The booming market for illustrations of the Wild West kept Dixon well-fed at the turn of the century. In 1905, he married artist Lillian West Tobey. The following years were wrought with calamity: most of Dixon’s early work was destroyed in the San Francisco earthquake of 1906, and a move to New York in 1907 left Dixon frustrated and uninspired. His return to San Francisco in 1912 ended his first marriage, but renewed his commitment to creating “honest art of the West”, free of the commercialism that influenced his previous work.

In the 1920’s, a new interest in modernism lead Dixon to experiment with post-impressionism and cubism. Dense details gave way to an elegant style. He built a reputation for paintings of spare landscapes dominated by infinite swirling skies. His pastel Love to Babette, a tribute to art patron and San Francisco socialite Babette Clayburgh, is an impeccable example of his mature work.

Maynard Dixon and Dorothea Lange- Matthews Gallery Blog

Dixon married legendary Western photographer Dorothea Lange in 1920, and they had two sons. In late 1931 and early 1932, they lived in Taos, New Mexico in a house owned by their friend Mabel Dodge Luhan. The Taos Society of Artists offered Dixon a coveted spot in their ranks, but he disagreed with their strict bylaws and declined. However, Dixon’s time in New Mexico was perhaps the happiest and most productive of his life. He completed over 40 canvases in his four months there, focusing on the residents of Taos and their complex relationship with the rugged terrain of the High Desert.

During the Great Depression of the 1930’s, Lange made some of her best-known images, documenting rampant poverty in the West. Dixon was in turn inspired to dabble in social realism. The couple was separated for a time when Dixon again took up Western painting in Utah’s Zion National Park and Mount Carmel, and divorced in 1935. Lange lived the rest of her years in Berkeley, while Dixon continued to travel through the West: to Montana, Nevada, Utah, Arizona and New Mexico.

San Francisco muralist Edith Hamlin became Dixon’s third wife in 1937, and they moved to southern Utah in 1939. From their summer home in Mount Carmel, Dixon continued to paint powerful scenes of the West until his death in 1946. His ashes were buried in Mount Carmel.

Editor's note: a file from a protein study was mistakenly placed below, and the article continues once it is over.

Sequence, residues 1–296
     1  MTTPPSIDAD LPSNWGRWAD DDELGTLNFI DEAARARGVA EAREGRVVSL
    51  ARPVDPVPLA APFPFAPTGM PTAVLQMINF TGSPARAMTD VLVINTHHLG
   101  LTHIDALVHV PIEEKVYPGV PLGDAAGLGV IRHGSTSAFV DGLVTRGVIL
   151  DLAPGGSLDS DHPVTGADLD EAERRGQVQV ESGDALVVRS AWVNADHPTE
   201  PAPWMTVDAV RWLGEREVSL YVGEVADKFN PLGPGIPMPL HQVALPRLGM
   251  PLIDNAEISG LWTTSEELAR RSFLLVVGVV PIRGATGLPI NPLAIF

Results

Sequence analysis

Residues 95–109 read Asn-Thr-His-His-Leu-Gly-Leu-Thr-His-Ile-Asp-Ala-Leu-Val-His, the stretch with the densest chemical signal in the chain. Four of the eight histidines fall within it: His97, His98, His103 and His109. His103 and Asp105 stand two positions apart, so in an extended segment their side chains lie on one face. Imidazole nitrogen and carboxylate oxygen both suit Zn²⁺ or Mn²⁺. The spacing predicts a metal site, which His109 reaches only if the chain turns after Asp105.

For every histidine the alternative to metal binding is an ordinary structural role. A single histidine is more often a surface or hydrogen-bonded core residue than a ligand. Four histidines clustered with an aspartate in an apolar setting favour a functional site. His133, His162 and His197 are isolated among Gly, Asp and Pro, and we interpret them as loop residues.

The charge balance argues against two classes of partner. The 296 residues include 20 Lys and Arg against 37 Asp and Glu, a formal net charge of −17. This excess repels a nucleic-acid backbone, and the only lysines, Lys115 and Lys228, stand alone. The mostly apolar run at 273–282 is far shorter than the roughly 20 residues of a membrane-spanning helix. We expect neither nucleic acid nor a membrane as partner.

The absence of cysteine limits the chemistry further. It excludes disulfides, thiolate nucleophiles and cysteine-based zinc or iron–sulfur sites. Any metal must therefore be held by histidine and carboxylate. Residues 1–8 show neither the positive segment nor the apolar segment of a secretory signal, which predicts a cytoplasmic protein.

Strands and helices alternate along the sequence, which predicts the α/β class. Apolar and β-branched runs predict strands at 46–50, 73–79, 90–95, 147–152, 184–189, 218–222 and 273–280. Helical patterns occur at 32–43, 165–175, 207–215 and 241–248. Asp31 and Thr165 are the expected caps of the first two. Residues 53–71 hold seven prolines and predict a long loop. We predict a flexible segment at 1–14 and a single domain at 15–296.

Learn more about Maynard Dixon on our website, and come see WIDENING THE HORIZON: New Mexico Landscapes now through June 30. Connect with us on Facebook, Twitter and Instagram for daily gallery news.

THE QUINTESSENTIAL MODERNIST

Randall Davey- Leaving the Paddock- Matthews Gallery Blog

We’re ending our SPRING OF MODERNISM blog series with the tale of a pioneering artist who was the model of a New Mexico modernist. Randall Davey (1887-1964) was born in East Orange, New Jersey. His father was an architect, and he enrolled at Cornell for architecture in 1905. Three years later he dropped out and moved to New York to study art, to the consternation of his father.

At the New York School of Art, Davey forged a close friendship with teacher and Ashcan School artist Robert Henri. Henri was friends with the founders of the Taos Society of Artists, and worked hard to cultivate New Mexico’s budding reputation as an arts destination. In 1910, Davey exhibited with George Bellows and Stuart Davis and in 1913 his artwork was in the New York Armory Show, the most influential modern art exhibition in U.S. history.

Portraits of Santa Fe Artist Randall Davey- Matthews Gallery Blog
Davey and artist John Sloan visited Santa Fe in the summer of 1919, and Davey fell in love with the Land of Enchantment. His art career in New York had stalled, and the Southwest adventure offered a fresh start. Davey bought an old mill on Upper Canyon Road and moved there permanently the next year. It was a path that had been calling him since his early days as an artist. Inspired by the metropolitan subject matter of the Impressionists, Davey developed a diverse oeuvre of still lifes, horse-racing and polo scenes, artistic nudes and landscapes.